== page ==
According to the psychotherapist, this is due to how society is changing: our time is becoming denser and faster. As comfort increases, the conditions of survival paradoxically become much more severe. This inevitably affects relationships between people, especially close relationships. And when it is necessary to change something in oneself, in the way of life, in relations with loved ones, in order to keep up with the elusive time, fear comes. It is the fear of real changes in life that generates panic. She is masked by phobias about her own health or the health of loved ones. After all, only an acute fear of death can overcome the anxiety of the need for real changes, and now every second comes into the doctor's office with panic attacks.
This does not mean that there is no need to talk about diseases - quite the opposite. In this case, fashion, no matter how ridiculous it may sometimes be, only helps. If out of hundreds of supposedly sick people at least one seriously thinks about his condition and goes to the doctor in order to stop the disease in time, that's great. Actually, that's what stories are for. To some extent, such a fashion helps the sick themselves feel better, it removes the stigma “once sick, then bad”. People who learn to try on the condition of others can relate to them better.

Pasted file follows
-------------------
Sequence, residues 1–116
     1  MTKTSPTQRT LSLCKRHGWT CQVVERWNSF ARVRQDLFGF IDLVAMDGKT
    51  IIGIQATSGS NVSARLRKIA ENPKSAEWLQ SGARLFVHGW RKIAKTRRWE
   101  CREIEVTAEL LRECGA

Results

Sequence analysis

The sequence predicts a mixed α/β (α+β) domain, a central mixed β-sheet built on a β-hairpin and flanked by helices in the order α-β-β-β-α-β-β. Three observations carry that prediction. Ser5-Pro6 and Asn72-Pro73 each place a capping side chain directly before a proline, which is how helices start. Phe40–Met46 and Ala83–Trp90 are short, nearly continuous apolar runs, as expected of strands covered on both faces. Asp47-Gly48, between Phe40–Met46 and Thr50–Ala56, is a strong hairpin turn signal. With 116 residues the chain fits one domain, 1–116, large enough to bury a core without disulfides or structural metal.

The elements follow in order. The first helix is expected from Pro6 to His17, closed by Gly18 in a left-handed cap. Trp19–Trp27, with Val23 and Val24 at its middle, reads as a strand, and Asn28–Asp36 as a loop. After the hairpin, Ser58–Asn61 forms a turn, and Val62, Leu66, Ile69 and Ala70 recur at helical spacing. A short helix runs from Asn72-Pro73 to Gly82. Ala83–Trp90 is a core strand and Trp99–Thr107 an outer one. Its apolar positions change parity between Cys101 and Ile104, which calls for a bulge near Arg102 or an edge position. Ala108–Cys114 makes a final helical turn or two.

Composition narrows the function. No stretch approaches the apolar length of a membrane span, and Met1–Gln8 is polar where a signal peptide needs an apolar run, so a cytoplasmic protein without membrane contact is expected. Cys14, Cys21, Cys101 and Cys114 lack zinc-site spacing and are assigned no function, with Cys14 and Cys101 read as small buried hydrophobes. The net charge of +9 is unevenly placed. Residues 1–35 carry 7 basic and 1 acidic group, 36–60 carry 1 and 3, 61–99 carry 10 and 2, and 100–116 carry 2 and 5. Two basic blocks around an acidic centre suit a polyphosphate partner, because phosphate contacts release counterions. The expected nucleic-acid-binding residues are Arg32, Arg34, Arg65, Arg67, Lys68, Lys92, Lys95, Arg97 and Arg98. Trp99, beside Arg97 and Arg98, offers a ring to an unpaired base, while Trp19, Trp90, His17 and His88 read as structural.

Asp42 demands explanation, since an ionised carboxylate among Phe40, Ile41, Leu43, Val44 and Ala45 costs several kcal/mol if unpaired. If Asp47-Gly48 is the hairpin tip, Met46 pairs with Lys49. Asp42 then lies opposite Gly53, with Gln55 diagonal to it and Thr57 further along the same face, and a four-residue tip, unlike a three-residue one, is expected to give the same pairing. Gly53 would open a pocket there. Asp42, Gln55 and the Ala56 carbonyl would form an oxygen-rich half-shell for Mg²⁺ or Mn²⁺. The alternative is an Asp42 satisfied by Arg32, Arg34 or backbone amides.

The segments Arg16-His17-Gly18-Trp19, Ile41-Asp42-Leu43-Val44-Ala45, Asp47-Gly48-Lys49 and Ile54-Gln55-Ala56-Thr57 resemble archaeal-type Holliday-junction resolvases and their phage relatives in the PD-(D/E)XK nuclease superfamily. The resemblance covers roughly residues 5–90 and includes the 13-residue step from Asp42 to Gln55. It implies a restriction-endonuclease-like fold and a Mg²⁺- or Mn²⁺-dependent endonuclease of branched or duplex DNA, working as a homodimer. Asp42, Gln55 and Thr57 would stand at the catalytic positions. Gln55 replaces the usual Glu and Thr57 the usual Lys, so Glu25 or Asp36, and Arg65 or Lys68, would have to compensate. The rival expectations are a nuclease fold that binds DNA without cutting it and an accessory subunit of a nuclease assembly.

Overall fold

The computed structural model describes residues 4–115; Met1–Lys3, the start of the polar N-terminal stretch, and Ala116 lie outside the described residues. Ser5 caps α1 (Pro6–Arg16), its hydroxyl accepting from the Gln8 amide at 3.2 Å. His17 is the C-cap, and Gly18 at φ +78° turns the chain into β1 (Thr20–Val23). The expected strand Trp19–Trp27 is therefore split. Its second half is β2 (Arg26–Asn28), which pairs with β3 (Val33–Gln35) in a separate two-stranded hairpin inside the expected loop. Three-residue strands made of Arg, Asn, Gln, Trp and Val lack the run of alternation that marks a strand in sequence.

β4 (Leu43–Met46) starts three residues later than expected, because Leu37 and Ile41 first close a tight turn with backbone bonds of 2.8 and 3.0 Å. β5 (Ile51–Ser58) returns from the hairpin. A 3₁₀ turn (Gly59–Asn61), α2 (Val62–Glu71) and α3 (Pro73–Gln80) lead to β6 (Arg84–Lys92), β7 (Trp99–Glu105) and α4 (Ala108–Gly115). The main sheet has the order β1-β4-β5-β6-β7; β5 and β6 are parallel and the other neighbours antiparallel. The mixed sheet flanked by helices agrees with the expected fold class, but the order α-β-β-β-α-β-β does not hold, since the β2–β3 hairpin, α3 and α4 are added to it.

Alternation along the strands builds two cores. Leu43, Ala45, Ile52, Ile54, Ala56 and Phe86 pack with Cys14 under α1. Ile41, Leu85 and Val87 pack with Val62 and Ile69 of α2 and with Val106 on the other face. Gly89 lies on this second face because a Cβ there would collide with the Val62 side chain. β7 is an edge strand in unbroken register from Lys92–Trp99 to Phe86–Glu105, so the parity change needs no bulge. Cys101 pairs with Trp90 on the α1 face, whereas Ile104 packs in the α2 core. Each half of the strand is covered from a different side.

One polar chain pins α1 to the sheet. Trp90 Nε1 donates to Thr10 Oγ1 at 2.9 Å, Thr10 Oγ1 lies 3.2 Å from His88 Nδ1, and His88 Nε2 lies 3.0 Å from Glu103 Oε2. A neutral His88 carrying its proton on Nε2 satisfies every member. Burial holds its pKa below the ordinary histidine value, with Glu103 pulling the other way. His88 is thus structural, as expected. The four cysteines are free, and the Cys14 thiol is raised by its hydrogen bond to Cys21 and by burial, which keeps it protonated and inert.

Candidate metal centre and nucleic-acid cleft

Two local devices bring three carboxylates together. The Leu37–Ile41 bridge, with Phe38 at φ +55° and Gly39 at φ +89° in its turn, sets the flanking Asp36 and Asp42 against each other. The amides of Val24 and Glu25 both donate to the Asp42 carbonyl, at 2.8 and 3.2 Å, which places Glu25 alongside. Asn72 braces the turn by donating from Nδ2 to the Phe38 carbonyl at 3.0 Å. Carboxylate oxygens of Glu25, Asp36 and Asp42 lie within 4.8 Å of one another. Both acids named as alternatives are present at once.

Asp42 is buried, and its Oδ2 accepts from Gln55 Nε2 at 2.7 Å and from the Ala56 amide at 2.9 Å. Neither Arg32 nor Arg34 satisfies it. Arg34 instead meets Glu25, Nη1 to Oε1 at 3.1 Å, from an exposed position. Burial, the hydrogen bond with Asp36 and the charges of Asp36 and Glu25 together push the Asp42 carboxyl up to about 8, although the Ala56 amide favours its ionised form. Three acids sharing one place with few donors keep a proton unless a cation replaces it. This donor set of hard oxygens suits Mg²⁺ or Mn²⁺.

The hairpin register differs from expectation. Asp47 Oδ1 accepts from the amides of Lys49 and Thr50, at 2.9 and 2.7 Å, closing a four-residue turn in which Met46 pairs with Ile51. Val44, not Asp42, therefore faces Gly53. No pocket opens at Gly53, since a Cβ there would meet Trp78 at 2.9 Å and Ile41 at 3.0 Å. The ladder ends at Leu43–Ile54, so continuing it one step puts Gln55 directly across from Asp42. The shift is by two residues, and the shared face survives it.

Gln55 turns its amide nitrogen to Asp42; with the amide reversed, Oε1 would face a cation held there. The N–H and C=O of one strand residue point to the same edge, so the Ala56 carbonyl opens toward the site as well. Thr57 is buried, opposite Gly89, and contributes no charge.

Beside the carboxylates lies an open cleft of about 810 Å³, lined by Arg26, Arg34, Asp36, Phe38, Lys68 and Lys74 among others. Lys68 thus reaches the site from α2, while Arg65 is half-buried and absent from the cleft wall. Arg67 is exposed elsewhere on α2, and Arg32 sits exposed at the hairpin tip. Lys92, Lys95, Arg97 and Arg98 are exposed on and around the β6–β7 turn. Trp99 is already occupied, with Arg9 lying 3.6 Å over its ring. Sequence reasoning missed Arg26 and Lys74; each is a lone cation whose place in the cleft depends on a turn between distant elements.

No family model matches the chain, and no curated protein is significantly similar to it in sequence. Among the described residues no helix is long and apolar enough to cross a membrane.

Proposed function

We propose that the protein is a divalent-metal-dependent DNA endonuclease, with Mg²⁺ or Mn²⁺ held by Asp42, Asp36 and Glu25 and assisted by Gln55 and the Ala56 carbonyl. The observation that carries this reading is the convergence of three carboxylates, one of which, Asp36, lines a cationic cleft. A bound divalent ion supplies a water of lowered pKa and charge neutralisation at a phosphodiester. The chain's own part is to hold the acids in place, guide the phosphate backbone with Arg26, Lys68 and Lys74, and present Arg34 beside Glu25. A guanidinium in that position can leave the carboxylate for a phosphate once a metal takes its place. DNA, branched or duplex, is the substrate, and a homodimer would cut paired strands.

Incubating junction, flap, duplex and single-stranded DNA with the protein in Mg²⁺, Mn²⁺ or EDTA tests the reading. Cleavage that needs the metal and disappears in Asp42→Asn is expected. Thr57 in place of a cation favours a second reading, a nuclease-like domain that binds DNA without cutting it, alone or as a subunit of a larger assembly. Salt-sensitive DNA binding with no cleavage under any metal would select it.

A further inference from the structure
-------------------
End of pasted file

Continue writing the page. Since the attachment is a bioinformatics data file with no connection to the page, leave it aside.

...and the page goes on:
But there is another side to the fashion for disease. First, popularization is the devaluation of the patient's condition. “Oh, think, I also had depression, I went to the cinema and everything went away” - an example of just such a craze, when the word “depression” was called any decrease in mood (and is still called). Secondly, the more fashionable the diagnosis becomes, the easier and more unambiguous it is perceived, and this already forms a misconception about any diagnosis: if a hero gets cancer in a film, then, most likely, in order to die and show a tragedy. There are exceptions in which the patient manages to overcome everything, but there are much fewer of them.
A disease for which it is profitable to sell a medicine
Dysbacteriosis, vegetative vascular dystonia - these are diagnoses that can be made to anyone, anytime, too many nonspecific symptoms combine these conditions. But it is convenient to treat them with beautiful medicines. And it is profitable to sell, so we are constantly told in advertising how everyone, without exception, began to suffer because of poor digestion or modern ecology, so we urgently need to get rid of toxins and remove toxins. This is not a fashion for disease in its purest form, but rather for methods of treatment and prevention. Sometimes they directly oppose any diagnoses, for example, "acidification of the body", sometimes a specific disease is not named, and the whole process of treatment is called a beautiful word, for example, detox.
Fortunately, we have the ability to be critical of intrusive popular advice. Isaev notes that following fashion is always imitation, an attempt to protect oneself through conformity to the strong and famous. And it's the same with the fashion for disease, even though disease can pose a direct threat to life. Individuality is always a little away from the accepted in society, from conformity to the majority, including from mass fashion.